In addition to news stories written by professional journalists, some researchers may find the best way to publicize their work is by writing about it themselves. While in the field undertaking dissertation research, I began a blog, mostly to keep my family and friends up-to-date. After returning from the field, however, I have continued posting, thus engaging with the public about my work in an informal way. I have not only been contacted by scholars from around the world, but even more often by non-specialists with an interest in archaeology. Their enthusiasm reminds me how lucky I am to be doing something I love as a full-time profession, and something that others care about as well. Writing blog posts has also helped me practice framing my work in a way that is concise, understandable, and interesting for a non-specialist reader. This platform gives me the freedom to present my research in the way that I want, instead of following the agenda of another author.
Blogs are also an ideal way to quickly respond to negative or incorrect news reports, or to reflect on recent research unofficially. In a recent USA Today op-ed piece, US Representatives Eric Cantor and Lamar Smith specifically called out funding for several archaeological projects as an examples of “questionable NSF research grants.” These kinds of reactions are an example of the poor job we as a field (i.e., Anthropology/Archaeology) are doing in showing the relevance our work to the broader public; a problem we share with other fields in the Social Sciences and Humanities. In this scenario, however, archaeologists were able to use blogs to respond to these accusations quickly and add depth to the discussion.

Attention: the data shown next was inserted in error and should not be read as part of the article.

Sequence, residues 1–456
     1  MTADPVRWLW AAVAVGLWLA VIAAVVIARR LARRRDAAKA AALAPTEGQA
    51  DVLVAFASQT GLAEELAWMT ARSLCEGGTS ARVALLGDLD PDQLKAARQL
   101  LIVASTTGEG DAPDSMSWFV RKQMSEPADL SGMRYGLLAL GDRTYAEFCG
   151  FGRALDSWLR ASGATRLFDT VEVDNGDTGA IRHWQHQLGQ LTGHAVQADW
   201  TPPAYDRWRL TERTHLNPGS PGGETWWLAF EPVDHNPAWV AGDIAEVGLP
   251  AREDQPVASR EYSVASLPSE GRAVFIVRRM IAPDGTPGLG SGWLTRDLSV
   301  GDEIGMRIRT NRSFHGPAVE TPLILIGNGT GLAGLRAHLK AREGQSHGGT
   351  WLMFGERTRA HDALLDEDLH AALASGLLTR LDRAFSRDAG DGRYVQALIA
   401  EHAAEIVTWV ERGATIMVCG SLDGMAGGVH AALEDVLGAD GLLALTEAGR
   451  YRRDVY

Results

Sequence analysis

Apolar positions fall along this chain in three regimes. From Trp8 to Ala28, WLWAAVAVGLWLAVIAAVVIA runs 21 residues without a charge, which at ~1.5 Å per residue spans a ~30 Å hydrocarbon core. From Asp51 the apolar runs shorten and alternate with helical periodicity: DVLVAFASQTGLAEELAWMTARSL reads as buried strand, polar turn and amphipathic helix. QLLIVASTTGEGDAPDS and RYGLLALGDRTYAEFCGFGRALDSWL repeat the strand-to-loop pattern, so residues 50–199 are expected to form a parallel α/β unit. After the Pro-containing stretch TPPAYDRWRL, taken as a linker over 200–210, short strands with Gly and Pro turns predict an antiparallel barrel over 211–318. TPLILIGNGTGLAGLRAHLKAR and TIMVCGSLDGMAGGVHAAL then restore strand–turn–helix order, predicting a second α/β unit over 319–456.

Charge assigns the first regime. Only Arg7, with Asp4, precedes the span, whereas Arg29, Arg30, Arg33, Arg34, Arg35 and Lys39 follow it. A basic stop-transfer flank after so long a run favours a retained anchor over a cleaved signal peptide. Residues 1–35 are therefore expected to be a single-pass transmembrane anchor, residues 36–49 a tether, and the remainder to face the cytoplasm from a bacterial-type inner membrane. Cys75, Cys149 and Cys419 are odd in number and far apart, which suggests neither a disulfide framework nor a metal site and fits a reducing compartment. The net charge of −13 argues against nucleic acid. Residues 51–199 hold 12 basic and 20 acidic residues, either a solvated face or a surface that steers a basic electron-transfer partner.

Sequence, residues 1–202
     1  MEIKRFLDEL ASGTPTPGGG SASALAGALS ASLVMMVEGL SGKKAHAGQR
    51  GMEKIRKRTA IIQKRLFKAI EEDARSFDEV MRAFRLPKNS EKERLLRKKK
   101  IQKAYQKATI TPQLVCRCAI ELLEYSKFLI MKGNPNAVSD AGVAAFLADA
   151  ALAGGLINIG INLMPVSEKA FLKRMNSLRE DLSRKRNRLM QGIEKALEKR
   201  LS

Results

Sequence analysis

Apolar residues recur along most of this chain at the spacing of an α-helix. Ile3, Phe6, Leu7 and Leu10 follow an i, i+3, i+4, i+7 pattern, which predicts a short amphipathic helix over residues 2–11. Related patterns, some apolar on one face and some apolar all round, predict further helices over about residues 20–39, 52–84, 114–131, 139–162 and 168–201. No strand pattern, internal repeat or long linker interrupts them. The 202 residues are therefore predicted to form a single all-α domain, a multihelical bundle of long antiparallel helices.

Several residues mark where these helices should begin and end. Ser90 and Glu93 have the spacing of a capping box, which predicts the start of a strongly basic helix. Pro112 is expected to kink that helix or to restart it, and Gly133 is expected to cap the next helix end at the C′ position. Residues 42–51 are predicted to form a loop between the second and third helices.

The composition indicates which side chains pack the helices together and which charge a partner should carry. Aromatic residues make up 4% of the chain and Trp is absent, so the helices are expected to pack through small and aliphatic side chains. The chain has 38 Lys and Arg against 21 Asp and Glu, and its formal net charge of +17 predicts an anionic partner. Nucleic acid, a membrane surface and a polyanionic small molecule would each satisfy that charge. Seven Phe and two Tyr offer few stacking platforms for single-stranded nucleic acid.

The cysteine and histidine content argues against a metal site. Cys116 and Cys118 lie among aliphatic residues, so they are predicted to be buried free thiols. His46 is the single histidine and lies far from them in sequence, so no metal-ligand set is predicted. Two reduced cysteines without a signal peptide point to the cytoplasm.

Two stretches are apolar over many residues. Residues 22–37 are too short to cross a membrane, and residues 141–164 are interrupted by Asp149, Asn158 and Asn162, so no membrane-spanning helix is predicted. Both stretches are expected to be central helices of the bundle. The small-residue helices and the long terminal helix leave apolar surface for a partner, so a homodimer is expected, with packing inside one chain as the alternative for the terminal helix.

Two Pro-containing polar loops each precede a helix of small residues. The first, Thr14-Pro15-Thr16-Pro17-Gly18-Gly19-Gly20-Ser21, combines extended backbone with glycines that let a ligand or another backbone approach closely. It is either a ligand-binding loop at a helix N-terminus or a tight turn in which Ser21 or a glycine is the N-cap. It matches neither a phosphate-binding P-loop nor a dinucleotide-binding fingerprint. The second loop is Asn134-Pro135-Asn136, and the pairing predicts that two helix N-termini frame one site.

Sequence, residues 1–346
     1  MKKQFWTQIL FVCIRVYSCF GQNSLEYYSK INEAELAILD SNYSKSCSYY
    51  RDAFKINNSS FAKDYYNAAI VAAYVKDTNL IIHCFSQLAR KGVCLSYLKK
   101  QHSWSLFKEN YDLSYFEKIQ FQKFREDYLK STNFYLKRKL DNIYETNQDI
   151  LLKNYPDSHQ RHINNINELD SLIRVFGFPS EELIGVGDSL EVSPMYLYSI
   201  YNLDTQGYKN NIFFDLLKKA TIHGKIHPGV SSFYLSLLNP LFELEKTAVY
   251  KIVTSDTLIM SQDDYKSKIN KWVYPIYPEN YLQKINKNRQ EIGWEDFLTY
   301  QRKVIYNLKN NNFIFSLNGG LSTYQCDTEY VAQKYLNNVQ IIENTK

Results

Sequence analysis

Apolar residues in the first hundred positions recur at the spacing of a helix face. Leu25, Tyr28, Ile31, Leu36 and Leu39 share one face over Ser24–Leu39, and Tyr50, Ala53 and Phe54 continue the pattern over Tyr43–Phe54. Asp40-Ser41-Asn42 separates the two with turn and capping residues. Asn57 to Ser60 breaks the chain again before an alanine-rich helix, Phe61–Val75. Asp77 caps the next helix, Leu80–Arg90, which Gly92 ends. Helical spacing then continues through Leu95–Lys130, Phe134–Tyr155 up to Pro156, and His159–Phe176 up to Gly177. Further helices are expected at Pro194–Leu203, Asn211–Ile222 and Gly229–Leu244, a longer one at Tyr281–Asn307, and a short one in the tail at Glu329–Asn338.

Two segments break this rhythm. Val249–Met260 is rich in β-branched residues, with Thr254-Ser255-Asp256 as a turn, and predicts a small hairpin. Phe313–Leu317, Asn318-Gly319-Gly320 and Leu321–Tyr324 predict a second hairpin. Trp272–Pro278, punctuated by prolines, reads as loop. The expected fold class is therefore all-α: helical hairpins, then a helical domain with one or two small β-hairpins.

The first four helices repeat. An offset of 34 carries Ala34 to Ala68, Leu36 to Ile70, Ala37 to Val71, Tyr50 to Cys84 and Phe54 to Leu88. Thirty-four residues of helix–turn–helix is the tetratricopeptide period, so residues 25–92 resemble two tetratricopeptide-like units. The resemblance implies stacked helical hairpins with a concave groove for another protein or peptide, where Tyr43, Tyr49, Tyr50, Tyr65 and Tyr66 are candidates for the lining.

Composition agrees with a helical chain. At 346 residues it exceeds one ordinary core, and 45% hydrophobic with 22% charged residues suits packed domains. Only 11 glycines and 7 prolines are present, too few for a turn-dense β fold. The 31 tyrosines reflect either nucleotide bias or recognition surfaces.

Although blogs and personal websites offer expediency, they often lack the reach of many major newspapers. Therefore having accurate and engaging news stories about our work is an important way to widely broadcast the significance of our research to the general public, and get them excited about it as well. With funding cuts and the decline of tenure-track faculty positions there is not much of a future for ivory-tower academics. The more and the earlier you take charge of how your research is presented to the public, the more accurate and positive the portrayal will be when your work hits the front page news.
University of Wisconsin-Madison
Image: Photograph by author.